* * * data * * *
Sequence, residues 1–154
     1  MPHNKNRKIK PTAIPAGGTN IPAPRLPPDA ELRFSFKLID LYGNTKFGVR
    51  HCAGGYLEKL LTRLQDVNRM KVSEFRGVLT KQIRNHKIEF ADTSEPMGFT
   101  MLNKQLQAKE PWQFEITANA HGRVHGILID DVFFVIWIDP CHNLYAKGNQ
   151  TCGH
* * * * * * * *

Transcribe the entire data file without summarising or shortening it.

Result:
Sequence, residues 1–154
     1  MPHNKNRKIK PTAIPAGGTN IPAPRLPPDA ELRFSFKLID LYGNTKFGVR
    51  HCAGGYLEKL LTRLQDVNRM KVSEFRGVLT KQIRNHKIEF ADTSEPMGFT
   101  MLNKQLQAKE PWQFEITANA HGRVHGILID DVFFVIWIDP CHNLYAKGNQ
   151  TCGH